Chris and Debbie Zarcone don’t own a furnace in their 2,200-square-foot home in Kalispell. They get all their heat and energy needs through an air-source heat pump, 32 solar panels and three wind turbines. Sometimes, their energy meter even runs backwards in the hot summer months.
When the meter runs backwards, the solar panels are generating more electricity than they can use, which backflows into the grid for the neighbors to use. They also store up energy credit to use in the winter.
“I’m a little power plant,” Chris Zarcone said.
The Zarcones have been living almost entirely on homemade alternative energy for about seven years. Their 250-watt solar panels, situated next to Ashley Creek on their property, produce even more heat to be generated back into electricity because of the water’s reflection.
Chris says the most maintenance he ever has to do is brush snow off the high-angle, south-facing panels when it’s particularly cold and snowy. But the sun usually just bakes the snow off. The panels, which cost the Zarcones $350 a piece at the time they purchased them, total about 8,000 watts altogether.
The Zarcones’ property also holds three wind turbines, with the largest standing at 45 feet equipped with a crank for minor maintenance work. The Zarcones made each turbine themselves with metal scraps. They are completely galvanized and built to last.
Following the initial startup, Chris says now he and his wife sit back and watch their property generate electricity.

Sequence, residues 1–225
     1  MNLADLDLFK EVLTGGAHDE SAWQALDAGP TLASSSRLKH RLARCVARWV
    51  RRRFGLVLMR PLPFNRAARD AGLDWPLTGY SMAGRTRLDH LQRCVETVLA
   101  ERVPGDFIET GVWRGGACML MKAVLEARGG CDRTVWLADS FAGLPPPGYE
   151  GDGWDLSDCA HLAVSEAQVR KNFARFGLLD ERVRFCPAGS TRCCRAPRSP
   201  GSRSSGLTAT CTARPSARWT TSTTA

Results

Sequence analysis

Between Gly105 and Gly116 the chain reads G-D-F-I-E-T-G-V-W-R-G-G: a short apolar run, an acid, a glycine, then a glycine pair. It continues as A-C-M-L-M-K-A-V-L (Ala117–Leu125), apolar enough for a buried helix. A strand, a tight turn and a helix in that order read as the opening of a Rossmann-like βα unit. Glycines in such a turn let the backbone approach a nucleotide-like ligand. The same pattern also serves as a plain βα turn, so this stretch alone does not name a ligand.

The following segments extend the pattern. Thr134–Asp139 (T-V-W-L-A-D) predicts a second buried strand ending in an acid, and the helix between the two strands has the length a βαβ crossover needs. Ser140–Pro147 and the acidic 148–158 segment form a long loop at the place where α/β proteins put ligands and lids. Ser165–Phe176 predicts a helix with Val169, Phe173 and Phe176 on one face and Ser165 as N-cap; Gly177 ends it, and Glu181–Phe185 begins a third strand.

“We don’t have to do anything,” he said. “There’s no maintenance to this — you get it wired, get it all together and that’s it.”
In addition to the solar panels and wind turbines in the Zarcones’ back yard, their air-source heat pump replaces their furnace in the winter and air conditioner in the summer.
The pump, which cost about $3,000, takes cool air and transfers it to warm air into their home in the winter and vice-versa in the summer.
“In zero degrees, I still get 80 degrees of air coming out of it,” Chris said. He says this is because of absolute zero, which is the lowest temperature theoretically possible and equates to negative 459.67 degrees Fahrenheit. Heat still remains in any temperature above absolute zero, and the Zarcones’ pump finds that heat.
“It takes heat that you don’t think is there,” he said.
According to measurements on the Zarcones’ inverter, a device that transfers the outside energy into their home, they have saved 95,773 pounds of carbon dioxide since they started using alternative energy seven years ago.
While the Zarcones have a smooth operation now, they ran into challenges in the early years. Chris says startup costs were their biggest obstacle, but now that they have everything set up they are doubling those costs in energy savings.
Not only does Chris like the money-saving aspect of energy efficiency, he wants to help the environment.
“I could see that it’s a problem and I just wanted to get ahead of it,” he said.
The Zarcones sometimes incorporate alternative energy into the business they run together, Any Home Service, a handyman service. They do anything from repairing toilets to installing decks while doing some alternative-energy work.
But Chris says there isn’t much demand for renewable energy. He speculates people don’t know much about it and shy away from the upfront costs. The costs are especially high if people aren’t building the systems themselves.
But he says as technology advances, upfront costs are diminishing, and equipment like solar panels are a fraction of the cost they were 10 years ago. He hopes more people will invest in renewable energy, and his advice to those interested is to bite the bullet and do it.
“It’s kind of cool to have your own little power plant,” he said.